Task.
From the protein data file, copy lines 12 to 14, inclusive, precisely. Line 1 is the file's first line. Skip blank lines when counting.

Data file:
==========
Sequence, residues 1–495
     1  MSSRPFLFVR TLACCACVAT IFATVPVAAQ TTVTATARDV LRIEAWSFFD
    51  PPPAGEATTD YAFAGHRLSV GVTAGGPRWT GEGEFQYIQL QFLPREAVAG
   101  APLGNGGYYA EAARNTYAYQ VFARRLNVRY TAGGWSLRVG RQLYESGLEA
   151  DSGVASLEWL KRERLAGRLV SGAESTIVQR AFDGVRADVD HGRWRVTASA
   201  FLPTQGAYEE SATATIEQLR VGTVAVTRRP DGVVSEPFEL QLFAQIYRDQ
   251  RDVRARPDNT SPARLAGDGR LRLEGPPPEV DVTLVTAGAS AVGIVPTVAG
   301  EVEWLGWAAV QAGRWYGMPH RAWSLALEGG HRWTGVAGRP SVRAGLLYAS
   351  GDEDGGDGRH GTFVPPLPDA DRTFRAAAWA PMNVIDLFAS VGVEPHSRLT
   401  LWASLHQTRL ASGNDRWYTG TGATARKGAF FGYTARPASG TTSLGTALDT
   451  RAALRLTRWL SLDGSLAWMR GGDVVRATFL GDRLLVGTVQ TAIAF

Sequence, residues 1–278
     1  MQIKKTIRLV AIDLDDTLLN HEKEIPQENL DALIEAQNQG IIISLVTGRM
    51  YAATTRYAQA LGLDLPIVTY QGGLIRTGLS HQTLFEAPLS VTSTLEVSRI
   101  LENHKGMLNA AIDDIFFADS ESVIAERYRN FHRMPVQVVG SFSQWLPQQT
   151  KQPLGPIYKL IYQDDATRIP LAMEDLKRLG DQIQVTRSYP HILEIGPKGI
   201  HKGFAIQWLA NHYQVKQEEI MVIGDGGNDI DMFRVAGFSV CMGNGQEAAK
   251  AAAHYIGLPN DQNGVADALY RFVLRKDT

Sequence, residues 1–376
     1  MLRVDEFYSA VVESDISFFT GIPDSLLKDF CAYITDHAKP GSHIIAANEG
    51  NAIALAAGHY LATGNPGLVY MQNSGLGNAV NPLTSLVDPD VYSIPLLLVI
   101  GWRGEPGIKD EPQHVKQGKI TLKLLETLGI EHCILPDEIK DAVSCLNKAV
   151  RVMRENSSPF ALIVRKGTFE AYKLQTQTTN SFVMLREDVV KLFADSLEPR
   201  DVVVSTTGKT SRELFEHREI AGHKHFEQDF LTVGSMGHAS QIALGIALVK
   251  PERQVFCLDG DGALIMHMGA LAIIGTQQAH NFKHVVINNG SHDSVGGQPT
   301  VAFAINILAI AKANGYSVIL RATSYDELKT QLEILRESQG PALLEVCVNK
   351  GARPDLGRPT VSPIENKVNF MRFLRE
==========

Sequence, residues 1–278
     1  MQIKKTIRLV AIDLDDTLLN HEKEIPQENL DALIEAQNQG IIISLVTGRM
    51  YAATTRYAQA LGLDLPIVTY QGGLIRTGLS HQTLFEAPLS VTSTLEVSRI